Du Rietz, A., & Henrekson, M. (2000). Testing the female underperformance hypothesis. Small Business Economics, 14(1), 1–10.
Elson, D. (2009). Gender equality and economic growth in the world bank world development report 2006. Feminist Economics, 15(3), 35–59.
Ferdousi, F. (2015). Impact of microfinance on sustainable entrepreneurship development. Development Studies Research, Taylor & Francis, 2(1), 51–63.
Fite, M. (2013). Strengthening regulation and supervision of microfinance sector for development in Ethiopia. Law Social Justice & Global Development Journal, 1, 1–43.
Gobezie, G. (2005). Regulating microfinance in Ethiopia: Making it more effective. Essays on Regulation and Supervision, 3, 1–12.
Greene, P. G., Brush, C. G., Hart, M. M., & Saparito, P. (2001). Patterns of venture capital funding: Is gender a factor? Venture Capital, 3(1), 63–83.
ILO. (2007), Assessing the Enabling Environment for Women in Growth Enterprises: An AfDB/ILO Integrated Framework Assessment Guide, available at: https://www.afdb.org/fileadmin/uploads/afdb/Documents/Policy-Documents/AfDB-ILOAssessmentGuide.pdf.
Isidore, E. (2011). Women entrepreneurs and economic development in Nigeria: Characteristics for success. International Journal of Business and Social Science, 2(1), 287–291.
Jayawarna, D., Rouse, J., & Kitching, J. (2013). Entrepreneur motivations and life course. International Small Business Journal, 31(1), 34–56.
Karlan, D., & Valdivia, M. (2011). Teaching entrepreneurship: Impact of business training on microfinance clients and institutions. Review of Economics and Statistics, 93(2), 510–527.
Khan, G., Naveed, R. T., & Jantan, A. H. B. (2018). Status of wonder women: challenges for young future women entrepreneurs in Pakistan. International Journal of Experiential Learning & Case Studies, 3(1), 97–109.
Khandker, S.R., & Samad, H.A. (2013). Are Microcredit Participants in Bangladesh Trapped in Poverty and Debt ? Policy Research Working Paper 6404, World Bank. Policy Research Working Paper, No. April.
Khavul, S., Chavez, H., & Bruton, G. D. (2013). Journal of Business Venturing, 28(1), 30–50.
Kuzilwa, J. A. (2005). The role of credit for small business success. The Journal of Entrepreneurship, 14(2), 131–161.
Ledgerwood, J. (2000). Microfinance Handbook: An Institutional and Financial Perspective. Washington DC: The World Bank.
Littlefield, B. Y. E., Morduch, J., & Hashemi, S. (2003). Is microfinance an effective strategy to reach the millennium development goals? Focus Note, 24, 1–11.
Mansor, N., & Mat, A. C. (2010). The significance of psychology and environment dimensions for Malaysian Muslim women entrepreneurship venturing. International Journal of Human Sciences, 7(1), 253–269.
Mauchi, F. N., Mutengezanwa, M., & Damiyano, D. (2014). Challenges faced by women entrepreneurs: A case study of Mashonaland Central Province. International Journal of Development and Sustainability, 3(3), 466–480.
Minai, M. S., Bin, M. H., Binti, I. Y., & Yusuf, S. N. S. (2021). Achieving financial performance and social performance of microfinance institutions: Risk of mission drift. Academy of Strategic Management Journal, 20(60), 6104.
Minniti, M., & Naudé, W. (2010). What do we know about the patterns and determinants of female entrepreneurship across Countries? European Journal of Development Research, 22(3), 277–293.
Mkpado, M. & Arene, C.J. (2007). Effects of democratization of group administration on the sustainability of agricultural micro-credit groups in Nigeria. International Journal of Rural Studies, 14(2).
Nawaz, A. (2018). Challenges faced by women entrepreneurs in Pakistan: A qualitative study. Management and Organizational Studies, 5(2), 13.
Porter, E. G., & Nagarajan, K. V. (2005). Successful women entrepreneurs as pioneers: Results from a study conducted in Karaikudi, Tamil Nadu, India. Journal of Small Business and Entrepreneurship, 18(1), 39–52.
Rehman, H., Moazzam, A., & Ansari, N. (2015). Role of microfinance institutions in women empowerment: A case study of Akhuwat, Pakistan. South Asian Studies, 30(1), 107.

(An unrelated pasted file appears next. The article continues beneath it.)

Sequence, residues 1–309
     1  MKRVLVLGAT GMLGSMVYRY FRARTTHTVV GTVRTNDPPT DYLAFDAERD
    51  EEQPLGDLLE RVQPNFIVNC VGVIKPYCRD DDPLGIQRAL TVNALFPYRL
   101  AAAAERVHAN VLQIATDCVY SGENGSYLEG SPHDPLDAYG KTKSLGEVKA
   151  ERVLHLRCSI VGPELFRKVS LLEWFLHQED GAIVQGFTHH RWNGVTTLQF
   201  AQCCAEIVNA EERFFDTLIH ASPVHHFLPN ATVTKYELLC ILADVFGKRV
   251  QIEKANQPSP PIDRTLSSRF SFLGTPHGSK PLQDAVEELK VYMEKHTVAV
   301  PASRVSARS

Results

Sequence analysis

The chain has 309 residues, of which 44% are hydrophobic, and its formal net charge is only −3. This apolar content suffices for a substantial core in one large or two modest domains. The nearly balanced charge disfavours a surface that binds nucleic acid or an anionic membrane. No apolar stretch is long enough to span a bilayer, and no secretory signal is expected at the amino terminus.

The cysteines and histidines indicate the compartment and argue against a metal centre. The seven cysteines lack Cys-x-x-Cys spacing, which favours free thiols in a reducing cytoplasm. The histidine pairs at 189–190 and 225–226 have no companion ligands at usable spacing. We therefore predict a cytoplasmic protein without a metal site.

Rogaly, B. (2009). Spaces of work and everyday life: Labour geographies and the agency of unorganized temporary migrant workers. Geography Compass, 3(6), 1975–1987.
Salum, Z. (2014), The role of microfinance on entrepreneurial development: A case of Dar Es Salaam City, Mzumbe University.
Shane, S. (2004). Reviews. International Small Business Journal: Researching Entrepreneurship, 22(2), 206–216.
Shkodra, J., Ymeri, P., & Ibishi, L. (2021). Role of microfinance institutions for developing women entrepreneurship—The case study of Kosovo. Economics and Sociology, 14(1), 120–129.
Skarlatos, K. (2004). Microfinance and women’ s economic empowerment: Bridging the gap, redesigning the future. Spring, 1, 66.
Tariq, S., & Sangmi, M.-U.-D. (2019). Impact of microfinance on women entrepreneurship. Oman Chapter of Arabian Journal of Business and Management Review, 8(1), 7–16.
Thaher, L., Radieah, N., & Wan Norhaniza, W. (2021). The effect of microfinance services on women entrepreneurship: A case study in Jordan. The Journal of Asian Finance, Economics and Business, 8(5), 807–815.
Verheul, I., Stel, A. V., & Thurik, R. (2006). Explaining female and male entrepreneurship at the country level. Entrepreneurship and Regional Development, 18(2), 151–183.
Vossenberg, S. (2023). Women Entrepreneurship Promotion in Developing Countries: What explains the gender gap in entrepreneurship and how to close it, Repec.Org, available at: ftp://ftp.repec.org/opt/ReDIF/RePEc/msm/wpaper/MSM-WP2013-08.pdf.
Ward, V. (2009). Europe PMC funders group knowledge brokering: The missing link in the evidence to action chain ? Evidence and Policy, 5(3), 267–279.
We gratefully acknowledge and thank all the participants who took time from their busy schedules to fill the questionnaire during our visit to their enterprises and owners/management of enterprises surveyed for allowing us to observe the working environments and facilities. The hospitality and kindness that they accord us during the research data collection went far beyond our expectations.
No funding was received for this research.
Ethical approval and consent of the participate
During data collection participants are informed about the purpose of the study. Participation in this study was voluntary.
Authors declare that there are no competing interests in this submission.
Springer Nature remains neutral with regard to jurisdictional claims in published maps and institutional affiliations.
KMO and Bartlett's test
KMO and Bartlett's test
Kaiser–Meyer–Olkin measure of sampling adequacy
Bartlett's test of sphericity
Total variance explained
Total variance explained
Extraction sums of squared loadings
Rotation sums of squared loadings
% of variance
% of variance
% of variance
Extraction method: principal component analysis
About this article
Cite this article
Abebe, A., Kegne, M. The role of microfinance institutions on women’s entrepreneurship development. J Innov Entrep 12, 17 (2023). https://doi.org/10.1186/s13731-023-00285-0